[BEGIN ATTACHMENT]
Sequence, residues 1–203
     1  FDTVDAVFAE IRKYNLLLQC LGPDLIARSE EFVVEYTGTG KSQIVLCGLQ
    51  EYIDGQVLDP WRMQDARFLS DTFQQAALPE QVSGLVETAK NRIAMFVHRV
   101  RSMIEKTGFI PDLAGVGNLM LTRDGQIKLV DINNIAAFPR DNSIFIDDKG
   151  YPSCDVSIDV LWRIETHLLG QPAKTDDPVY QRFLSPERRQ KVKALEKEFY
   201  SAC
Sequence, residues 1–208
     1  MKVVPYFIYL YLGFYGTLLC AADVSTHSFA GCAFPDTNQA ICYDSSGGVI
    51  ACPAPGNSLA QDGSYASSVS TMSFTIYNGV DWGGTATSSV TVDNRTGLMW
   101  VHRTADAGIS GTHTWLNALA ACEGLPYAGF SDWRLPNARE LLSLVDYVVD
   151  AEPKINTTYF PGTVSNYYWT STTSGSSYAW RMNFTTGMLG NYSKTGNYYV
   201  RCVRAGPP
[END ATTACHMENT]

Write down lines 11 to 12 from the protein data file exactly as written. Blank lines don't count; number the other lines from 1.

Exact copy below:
   151  AEPKINTTYF PGTVSNYYWT STTSGSSYAW RMNFTTGMLG NYSKTGNYYV
   201  RCVRAGPP